Lt. Ei Yamaguchi
Japanese Army Holdout on Peleliu Island Until 1947
Yamaguchi enlisted in the Imperial Japanese Army (IJA) and became an officer with the rank of Lieutenant assigned to the 2nd Infantry Regiment. He fought on the mainland of China. Afterwards, sent to Peleliu Island. During September 1944 survived the Battle of Pelelu. Afterwards, he was able to hold out in caves with a group of other Japanese Army and Navy survivors.
During early 1947, a band of 33 Japanese soldiers, commanded by Ei Yamaguchi renews fighting on the island by attacking a Marine patrol with hand grenades. At that time, only 150 Marines were stationed on the island, with 35 dependents. Reinforcement were called in to hunt down the hideouts. American patrols with a Japanese Admiral sent to convince the troops that the war was indeed over finally convinced the holdouts to come out peacefully. The band emerged from the jungle in two groups in late April, lead by Ei Yamaguchi who turned over his sword and unit's battle flags. Media Coverage One 1947 articles state that a Japanese navy enlisted man (who ratted out Yamaguchi's presence on Peleliu) states that Yamaguchi shot one of his own men who wanted to surrender (unconfirmed). It is unclear if Yamaguchi knew the war was over or not.
Until early 1947, Yamaguchi survived as a Japanese holdout.
During the end of March 1947, Marines were paroling a native village when they were suddenly targeted by gunfire and grenades. Luckily, there were no Marine casualties.
On March 19, 1947 at the request of U. S. Navy (USN) Rear Admiral C. A. Pownall (C. O. Marians Naval Forces) a 31 Marine reinforcements from Pearl Harbor were flown to Peleliu Airfield to bolster the garrison. Also, 40 Marines from Guam were also flown to Pelelu. On March 21, 1947 another 15 more were to be flown to join them and war dogs were requested.
The increased Marine garrison was to prepare to potentially hunt down and eliminate a band of Japanese holdouts estimated to be 50 individuals led by an officer that might be well armed. It was believed they had hidden in the north of the island and infiltrated southward to occupy caves on Umurbrogol (Bloody Nose Ridge).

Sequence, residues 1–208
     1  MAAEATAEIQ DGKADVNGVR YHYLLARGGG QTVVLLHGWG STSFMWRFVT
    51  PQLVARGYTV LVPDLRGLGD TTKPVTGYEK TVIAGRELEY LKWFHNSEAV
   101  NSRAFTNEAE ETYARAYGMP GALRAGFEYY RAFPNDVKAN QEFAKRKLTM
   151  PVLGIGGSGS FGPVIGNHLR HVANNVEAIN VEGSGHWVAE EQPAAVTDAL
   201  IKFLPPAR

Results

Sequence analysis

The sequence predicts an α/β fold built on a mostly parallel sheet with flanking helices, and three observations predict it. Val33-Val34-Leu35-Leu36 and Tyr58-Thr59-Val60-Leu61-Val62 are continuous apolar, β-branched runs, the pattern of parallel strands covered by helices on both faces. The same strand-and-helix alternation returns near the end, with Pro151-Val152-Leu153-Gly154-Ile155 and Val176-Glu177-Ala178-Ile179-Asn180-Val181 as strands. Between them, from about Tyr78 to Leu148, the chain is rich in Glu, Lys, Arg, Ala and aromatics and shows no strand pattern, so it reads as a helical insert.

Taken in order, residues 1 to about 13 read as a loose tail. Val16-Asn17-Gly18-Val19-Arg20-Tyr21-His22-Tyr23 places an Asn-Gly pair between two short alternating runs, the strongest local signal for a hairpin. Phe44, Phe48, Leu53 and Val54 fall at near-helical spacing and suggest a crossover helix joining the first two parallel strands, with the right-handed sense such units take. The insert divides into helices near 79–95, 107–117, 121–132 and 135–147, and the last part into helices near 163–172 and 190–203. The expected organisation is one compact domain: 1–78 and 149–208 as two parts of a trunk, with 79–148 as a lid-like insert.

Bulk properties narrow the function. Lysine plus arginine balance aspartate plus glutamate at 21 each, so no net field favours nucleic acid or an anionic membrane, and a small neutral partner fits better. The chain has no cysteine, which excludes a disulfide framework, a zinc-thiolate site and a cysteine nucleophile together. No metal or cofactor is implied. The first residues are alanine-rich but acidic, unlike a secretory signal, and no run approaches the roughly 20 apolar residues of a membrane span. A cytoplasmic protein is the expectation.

If unsuccessful, the Marine garrison would be ordered to hunt and eliminate them.
Learning of the holdouts, Rear Admiral C. A. Pownall allowed Japanese Prisoner Of War (POW) Rear Admiral Michio Sumikawa (former C. O. 4th Fleet) who was detained at the Guam War Crimes stockade and testifying as a witness in the Guam War Crimes Trial to be flown to Peleliu Airfield in an attempt to reach the holdouts. Accompanied by a Palau native, Sumikawa's initial attempt to communicate with the holdouts were unsuccessful as he was unable to locate them or make direct contact. Inside the cave where they were believed to be hiding, he did locate a pamphlet to combat troops and the Imperial rescript to Japanese soldiers and other signs of habitation including the light of a lantern inside, food, clothing and ammunition. Despite calling out, the holdouts did not reveal themselves. Before departing, he left a personal letter asking them to surrender that was either left in the cave or delivered by the Palau native. Later, the Japanese holdouts responded in a note saying the effort was a hoax with the U. S. using a Nisei (second generation Japanese person) to simulate a Japanese officer and requested to personally meet Admiral Sumikawa, if it was indeed him.